No witnesses immediately came forward and two years passed between the original indictment and the trial. “People’s stories can change many, many times” in a long period of time, says Kristin Houlé, the executive director of the Texas Coalition to Abolish the Death Penalty, about the witnesses who eventually came forward. 

“The State was not able to discover any physical evidence that connected Robert to Officer Nagle’s murder,” Pruett’s lawyers wrote in his petition for clemency in September. “Such evidence simply does not exist.”

At trial, the state claimed that Pruett’s cellmate, who worked in the prison’s craft shop, gave Pruett tape that he used to wrap around the handle of the shank. The state relied on the testimony of Lisa Baylor, a forensic analyst who testified, using a now-debunked scientific method called “physical matching,” that the tape came from the craft shop. “In a lot of cases where there’s no physical evidence that directly ties the defendant to the crime scene, [the prosecution] will find experts who fit their theory of the crime,” Houlé says. And although the expert testified that the tape is a match, there’s nothing to match Pruett to the tape. “No fingerprint and no cells,” said Houlé.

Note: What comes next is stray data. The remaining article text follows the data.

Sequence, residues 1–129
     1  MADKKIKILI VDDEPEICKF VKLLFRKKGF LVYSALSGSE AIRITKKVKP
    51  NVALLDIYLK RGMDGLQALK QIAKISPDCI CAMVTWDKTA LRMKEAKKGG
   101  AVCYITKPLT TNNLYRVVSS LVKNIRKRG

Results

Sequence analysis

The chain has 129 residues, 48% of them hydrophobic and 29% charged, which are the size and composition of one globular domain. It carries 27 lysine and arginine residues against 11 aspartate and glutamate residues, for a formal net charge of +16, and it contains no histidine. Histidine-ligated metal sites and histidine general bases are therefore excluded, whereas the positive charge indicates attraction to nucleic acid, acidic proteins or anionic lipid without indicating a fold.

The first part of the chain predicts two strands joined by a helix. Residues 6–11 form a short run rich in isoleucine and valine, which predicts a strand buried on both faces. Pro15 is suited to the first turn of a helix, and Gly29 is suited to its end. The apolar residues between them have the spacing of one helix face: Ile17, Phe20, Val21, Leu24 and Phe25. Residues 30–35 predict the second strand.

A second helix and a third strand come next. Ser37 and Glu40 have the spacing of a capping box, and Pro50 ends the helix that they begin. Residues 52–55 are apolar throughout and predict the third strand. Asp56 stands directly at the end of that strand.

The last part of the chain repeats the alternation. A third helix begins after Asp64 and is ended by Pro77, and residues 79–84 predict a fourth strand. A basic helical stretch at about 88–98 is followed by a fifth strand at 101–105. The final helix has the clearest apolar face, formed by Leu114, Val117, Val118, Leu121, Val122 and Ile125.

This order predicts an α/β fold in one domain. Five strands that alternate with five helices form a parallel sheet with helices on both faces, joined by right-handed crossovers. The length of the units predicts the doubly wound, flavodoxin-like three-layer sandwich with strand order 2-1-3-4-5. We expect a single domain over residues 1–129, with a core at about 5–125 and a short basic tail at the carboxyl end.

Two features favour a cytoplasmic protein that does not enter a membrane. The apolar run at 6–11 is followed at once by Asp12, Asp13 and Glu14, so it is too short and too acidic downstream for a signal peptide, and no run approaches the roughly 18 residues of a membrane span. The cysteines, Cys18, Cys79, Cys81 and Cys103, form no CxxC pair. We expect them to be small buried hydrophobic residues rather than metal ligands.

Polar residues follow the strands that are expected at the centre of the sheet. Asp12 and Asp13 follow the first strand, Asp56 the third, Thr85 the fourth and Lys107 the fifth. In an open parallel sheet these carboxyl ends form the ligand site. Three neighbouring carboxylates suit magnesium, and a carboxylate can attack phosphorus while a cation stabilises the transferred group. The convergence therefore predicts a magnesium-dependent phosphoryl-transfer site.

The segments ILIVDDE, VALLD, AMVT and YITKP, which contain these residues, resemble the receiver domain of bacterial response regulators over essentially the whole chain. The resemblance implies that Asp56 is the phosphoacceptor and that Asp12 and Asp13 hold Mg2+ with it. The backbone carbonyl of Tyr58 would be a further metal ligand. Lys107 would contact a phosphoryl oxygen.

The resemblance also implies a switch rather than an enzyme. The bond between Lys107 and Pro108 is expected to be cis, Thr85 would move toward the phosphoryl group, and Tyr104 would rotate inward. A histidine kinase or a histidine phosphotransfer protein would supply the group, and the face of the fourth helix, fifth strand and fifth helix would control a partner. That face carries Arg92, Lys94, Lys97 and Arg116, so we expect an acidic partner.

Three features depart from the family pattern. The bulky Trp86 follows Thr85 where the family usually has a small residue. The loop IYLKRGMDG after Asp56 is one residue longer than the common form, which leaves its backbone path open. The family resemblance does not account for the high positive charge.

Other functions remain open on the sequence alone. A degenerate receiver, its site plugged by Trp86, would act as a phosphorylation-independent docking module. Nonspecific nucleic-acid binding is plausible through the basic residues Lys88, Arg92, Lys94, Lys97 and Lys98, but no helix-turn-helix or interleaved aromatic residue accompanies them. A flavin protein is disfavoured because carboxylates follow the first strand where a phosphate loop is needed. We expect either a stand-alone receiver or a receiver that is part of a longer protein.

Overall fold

In the clemency petition, Pruett’s lawyers write that DNA testing of the murder weapon in 2015 found DNA that didn’t match either Pruett or the victim. Perhaps, Pruett’s lawyers write, it might belong “to the person that killed Nagle.” The state has not yet responded to Pruett’s petition. Typically, the parole board responds within a few days of the execution.

The prosecution in Pruett case’s relied heavily on testimony from the defendant’s fellow inmates. But, unbeknownst to the defense and the jury, the state had made promises to inmates who testified against Pruett.

According to the clemency petition, which contains the state investigator’s notes, one of the state’s key witnesses, Harold Mitchell, was told that if he testified against Pruett he’d be transferred to a prison in Virginia, where his family lived. And if he didn’t testify, Mitchell would be charged with Nagle’s murder. Mitchell later told his brother that he felt guilty for testifying against Pruett. “If the jury knew that these inmates gained something in exchange for testifying against Pruett—in many cases, significantly more than was disclosed at trial,” Pruett’s lawyers wrote in the petition, “it is likely they would not have believed their testimony.”